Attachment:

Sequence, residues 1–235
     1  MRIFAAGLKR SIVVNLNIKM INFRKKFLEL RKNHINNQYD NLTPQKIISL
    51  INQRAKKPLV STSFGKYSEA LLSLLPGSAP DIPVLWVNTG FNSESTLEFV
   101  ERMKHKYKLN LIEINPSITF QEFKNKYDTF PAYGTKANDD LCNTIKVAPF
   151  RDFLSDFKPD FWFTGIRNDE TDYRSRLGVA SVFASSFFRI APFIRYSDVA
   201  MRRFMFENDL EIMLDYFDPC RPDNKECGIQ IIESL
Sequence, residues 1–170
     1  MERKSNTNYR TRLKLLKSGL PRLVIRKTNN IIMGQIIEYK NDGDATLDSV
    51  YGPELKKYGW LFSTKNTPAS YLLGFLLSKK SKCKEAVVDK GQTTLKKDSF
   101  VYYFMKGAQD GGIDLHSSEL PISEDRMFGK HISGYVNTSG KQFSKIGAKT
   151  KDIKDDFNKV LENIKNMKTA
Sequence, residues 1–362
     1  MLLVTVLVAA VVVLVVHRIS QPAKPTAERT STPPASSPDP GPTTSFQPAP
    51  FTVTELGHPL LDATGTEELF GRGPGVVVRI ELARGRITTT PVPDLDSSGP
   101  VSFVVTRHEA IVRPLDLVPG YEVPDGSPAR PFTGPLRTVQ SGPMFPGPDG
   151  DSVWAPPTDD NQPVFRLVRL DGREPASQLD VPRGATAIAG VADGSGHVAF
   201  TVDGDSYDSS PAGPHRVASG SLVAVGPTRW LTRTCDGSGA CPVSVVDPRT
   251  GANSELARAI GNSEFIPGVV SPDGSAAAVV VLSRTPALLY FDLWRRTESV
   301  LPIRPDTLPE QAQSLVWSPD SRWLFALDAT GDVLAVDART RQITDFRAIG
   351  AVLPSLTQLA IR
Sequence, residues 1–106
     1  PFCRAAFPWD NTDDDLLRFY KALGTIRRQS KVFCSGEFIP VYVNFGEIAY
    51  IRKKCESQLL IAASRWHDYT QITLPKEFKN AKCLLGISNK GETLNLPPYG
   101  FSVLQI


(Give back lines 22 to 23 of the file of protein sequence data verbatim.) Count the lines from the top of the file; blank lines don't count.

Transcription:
     1  PFCRAAFPWD NTDDDLLRFY KALGTIRRQS KVFCSGEFIP VYVNFGEIAY
    51  IRKKCESQLL IAASRWHDYT QITLPKEFKN AKCLLGISNK GETLNLPPYG